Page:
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PayPal Starts Accepting Bitcoin, But With Limits

PayPal (NASDAQ:PYPL) has started accepting payments made with online cryptocurrency Bitcoin in North America. However, functionality will be limited as the company tests the waters for consumer and merchant interest. Scott Ellison, Senior Director of Corporate Strategy at PayPal, says that the company has partnered with BitPay, CoinBase and GoCoin in accepting payments for digital goods with Bitcoin. “Starting today, these agreements let PayPal digital goods merchants accept Bitcoin with a simple integration through the PayPal Payments Hub,” he writes.

Some limitations

The new functionality will be available to merchants and users in the United States and Canada, initially, with PayPal exploring coverage in other countries on a gradual basis. Ellison clarified that users will not exactly be able to keep Bitcoins as a separate currency in their digital wallets, as the system only interfaces with the three Bitcoin payment processors in handling transactions.

In addition, payments will only be valid for digital content, and not for pre-paid physical goods. “Customers with a bitcoin wallet will be able to pay participating merchants in bitcoin for games, music, videos, news, ebooks, and other digital content,” writes BitPay founder Tony Gallippi. This is largely due to the irreversible nature of Bitcoin transactions. Unlike traditional PayPal payments (either through digital wallet balance or credit card), which can be disputed, reversed or charged-back, Bitcoin transactions are final. Thus, PayPal is avoiding the risk of having transactions go awry and require refunds.

Good for Bitcoin?

PayPal counts 143 million active user accounts and is present in 193 countries and 26 currencies. The eBay-owned company processes at least US$55 billion per quarter in transactions, although this mostly involves funds drawn from bank accounts and paid through credit cards. While the more traditional payment sources would still make up the lion’s share of PayPal transactions, Bitcoin processing is a good sign of innovation and potential for both PayPal and the cryptocurrency. Ellison writes that the “innovations taking place in payments these days” will result in “[m]ore choices in how people create value, share it, buy, sell and trade it.”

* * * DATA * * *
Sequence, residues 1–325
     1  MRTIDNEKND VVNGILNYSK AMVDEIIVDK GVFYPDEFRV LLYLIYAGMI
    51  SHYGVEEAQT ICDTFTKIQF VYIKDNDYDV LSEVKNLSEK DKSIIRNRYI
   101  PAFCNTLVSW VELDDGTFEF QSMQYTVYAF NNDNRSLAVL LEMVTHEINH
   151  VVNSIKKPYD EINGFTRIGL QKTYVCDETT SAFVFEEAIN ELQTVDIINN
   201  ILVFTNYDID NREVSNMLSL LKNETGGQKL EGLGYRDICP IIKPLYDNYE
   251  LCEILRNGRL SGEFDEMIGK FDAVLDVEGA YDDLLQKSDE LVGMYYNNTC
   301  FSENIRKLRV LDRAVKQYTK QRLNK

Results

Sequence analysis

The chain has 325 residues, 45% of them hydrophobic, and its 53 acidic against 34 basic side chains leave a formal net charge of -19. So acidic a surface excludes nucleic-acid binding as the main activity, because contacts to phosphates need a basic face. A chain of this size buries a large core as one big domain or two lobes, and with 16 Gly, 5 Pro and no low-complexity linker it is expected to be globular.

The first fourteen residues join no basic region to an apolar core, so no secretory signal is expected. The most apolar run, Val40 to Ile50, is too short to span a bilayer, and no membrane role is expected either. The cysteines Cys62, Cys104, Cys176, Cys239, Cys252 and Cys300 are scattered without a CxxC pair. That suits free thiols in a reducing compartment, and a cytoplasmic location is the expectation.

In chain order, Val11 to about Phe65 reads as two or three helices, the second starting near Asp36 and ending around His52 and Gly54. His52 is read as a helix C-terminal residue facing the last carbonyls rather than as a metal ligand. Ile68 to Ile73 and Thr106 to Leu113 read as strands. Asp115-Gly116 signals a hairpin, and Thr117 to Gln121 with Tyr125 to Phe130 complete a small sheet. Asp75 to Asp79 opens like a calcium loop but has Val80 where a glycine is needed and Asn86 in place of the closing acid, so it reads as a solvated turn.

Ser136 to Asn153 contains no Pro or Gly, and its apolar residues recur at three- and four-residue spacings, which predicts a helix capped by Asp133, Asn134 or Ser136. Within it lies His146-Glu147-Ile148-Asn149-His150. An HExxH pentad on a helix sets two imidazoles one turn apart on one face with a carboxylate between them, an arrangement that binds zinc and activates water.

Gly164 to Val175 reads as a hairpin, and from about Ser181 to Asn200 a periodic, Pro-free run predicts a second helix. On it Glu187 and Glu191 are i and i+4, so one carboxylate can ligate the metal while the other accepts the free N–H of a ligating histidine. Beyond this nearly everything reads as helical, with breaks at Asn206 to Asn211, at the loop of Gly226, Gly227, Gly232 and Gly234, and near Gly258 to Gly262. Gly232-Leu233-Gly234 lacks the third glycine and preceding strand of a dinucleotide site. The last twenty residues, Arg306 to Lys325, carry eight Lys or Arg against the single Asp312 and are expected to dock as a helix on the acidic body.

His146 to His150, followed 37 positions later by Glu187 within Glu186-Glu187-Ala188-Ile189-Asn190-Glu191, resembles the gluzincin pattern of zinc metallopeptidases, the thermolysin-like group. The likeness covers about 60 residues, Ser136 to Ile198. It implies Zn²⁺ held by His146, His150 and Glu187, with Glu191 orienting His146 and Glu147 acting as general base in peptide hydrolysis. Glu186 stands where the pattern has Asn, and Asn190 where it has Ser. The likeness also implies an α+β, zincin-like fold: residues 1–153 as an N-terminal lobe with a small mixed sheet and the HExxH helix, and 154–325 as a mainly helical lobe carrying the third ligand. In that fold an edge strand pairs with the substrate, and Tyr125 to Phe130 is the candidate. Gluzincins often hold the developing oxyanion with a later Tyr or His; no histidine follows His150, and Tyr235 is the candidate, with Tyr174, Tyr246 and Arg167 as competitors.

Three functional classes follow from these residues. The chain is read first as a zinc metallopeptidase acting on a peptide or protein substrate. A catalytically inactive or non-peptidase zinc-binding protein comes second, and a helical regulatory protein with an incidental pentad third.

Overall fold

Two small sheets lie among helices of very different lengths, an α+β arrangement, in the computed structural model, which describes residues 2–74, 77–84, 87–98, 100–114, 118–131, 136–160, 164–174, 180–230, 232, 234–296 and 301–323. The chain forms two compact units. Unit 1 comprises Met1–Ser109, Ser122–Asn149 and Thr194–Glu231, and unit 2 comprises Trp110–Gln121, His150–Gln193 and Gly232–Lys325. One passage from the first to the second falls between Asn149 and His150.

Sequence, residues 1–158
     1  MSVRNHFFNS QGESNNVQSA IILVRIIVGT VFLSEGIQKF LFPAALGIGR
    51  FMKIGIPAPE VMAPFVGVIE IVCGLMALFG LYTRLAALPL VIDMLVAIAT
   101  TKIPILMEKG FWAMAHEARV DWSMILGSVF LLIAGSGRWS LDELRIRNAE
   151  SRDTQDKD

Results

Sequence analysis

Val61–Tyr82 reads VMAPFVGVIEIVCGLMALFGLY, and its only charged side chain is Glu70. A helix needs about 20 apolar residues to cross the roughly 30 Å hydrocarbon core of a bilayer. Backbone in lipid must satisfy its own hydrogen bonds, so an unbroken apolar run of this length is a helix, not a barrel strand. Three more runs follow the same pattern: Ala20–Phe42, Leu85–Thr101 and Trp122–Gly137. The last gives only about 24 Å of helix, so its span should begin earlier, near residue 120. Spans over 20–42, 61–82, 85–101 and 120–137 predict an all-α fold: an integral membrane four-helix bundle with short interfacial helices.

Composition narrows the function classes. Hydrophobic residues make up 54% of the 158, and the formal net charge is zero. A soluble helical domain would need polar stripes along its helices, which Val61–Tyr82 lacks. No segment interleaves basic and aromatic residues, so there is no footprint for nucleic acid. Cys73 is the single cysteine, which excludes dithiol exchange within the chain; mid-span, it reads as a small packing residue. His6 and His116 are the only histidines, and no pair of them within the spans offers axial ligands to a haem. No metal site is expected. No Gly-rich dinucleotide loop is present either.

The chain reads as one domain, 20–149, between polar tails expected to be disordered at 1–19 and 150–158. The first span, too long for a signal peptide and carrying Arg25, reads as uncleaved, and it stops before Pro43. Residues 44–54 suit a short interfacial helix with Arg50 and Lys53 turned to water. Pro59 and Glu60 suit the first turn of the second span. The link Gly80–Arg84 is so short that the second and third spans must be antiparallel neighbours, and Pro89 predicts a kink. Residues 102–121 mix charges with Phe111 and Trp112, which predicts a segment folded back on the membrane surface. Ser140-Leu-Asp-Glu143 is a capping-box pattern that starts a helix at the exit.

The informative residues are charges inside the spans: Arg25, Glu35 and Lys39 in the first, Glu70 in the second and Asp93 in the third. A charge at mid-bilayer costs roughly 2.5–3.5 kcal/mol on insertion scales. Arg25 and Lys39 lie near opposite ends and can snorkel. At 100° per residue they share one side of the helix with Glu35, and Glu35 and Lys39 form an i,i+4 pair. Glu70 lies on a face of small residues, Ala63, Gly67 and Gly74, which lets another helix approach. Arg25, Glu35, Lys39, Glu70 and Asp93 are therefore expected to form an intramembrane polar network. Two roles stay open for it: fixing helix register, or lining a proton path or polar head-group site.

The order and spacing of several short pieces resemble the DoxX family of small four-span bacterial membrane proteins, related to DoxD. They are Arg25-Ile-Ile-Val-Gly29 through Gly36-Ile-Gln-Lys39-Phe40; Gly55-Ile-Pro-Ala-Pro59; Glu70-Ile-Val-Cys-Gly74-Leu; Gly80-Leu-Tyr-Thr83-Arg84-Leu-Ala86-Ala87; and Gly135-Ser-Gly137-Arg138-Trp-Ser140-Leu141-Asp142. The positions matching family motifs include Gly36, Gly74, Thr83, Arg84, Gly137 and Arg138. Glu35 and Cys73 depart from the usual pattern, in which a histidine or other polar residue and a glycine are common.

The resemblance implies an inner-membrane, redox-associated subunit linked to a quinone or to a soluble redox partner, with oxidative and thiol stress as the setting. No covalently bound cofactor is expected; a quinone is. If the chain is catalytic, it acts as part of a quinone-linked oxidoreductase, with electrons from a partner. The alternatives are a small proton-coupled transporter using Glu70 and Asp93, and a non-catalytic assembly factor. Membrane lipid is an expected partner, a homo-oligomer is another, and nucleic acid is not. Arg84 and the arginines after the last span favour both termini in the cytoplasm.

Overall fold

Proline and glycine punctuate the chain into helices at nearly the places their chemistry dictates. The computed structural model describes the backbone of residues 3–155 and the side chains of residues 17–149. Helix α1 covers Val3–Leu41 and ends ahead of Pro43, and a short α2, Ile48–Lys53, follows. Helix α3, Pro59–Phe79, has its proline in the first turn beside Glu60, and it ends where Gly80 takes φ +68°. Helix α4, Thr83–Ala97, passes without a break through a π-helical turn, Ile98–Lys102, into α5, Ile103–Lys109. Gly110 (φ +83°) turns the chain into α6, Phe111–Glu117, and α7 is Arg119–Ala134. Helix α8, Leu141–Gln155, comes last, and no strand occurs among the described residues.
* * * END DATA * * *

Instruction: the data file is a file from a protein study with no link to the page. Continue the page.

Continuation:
As for BitPay, CoinBase and GoCoin, the three Bitcoin payment processors will remit PayPal a referral fee for new business it gains from PayPal Payments Hub, which means no added cost will be passed on to merchants or customers who pay via Bitcoin on these platforms.

Bitcoin is among the chief cryptocurrencies and is considered to be the only one that has achieved significant scale — enough to warrant the interest of PayPal. However, some concerns include the lack of a centralized structure for regulation and oversight, as well as issues that arise with payment processing outfits. One such concern is the status of Bitcoin as legal tender, vis-a-vis as tradable commodity. For this reason, PayPal’s Ellison says the company will ensure compliance with laws and regulations in each market it operates in. “[V]irtual currency exchangers and administrators interested in working with PayPal in the future must secure the appropriate licenses and put anti-money laundering procedures in place.”

As the interest in Bitcoin and the volume of transactions rise, companies like PayPal are likewise keen on exploring how these can further take advantage. “We hope to do more with Bitcoin as its ecosystem continues to evolve,” Ellison writes.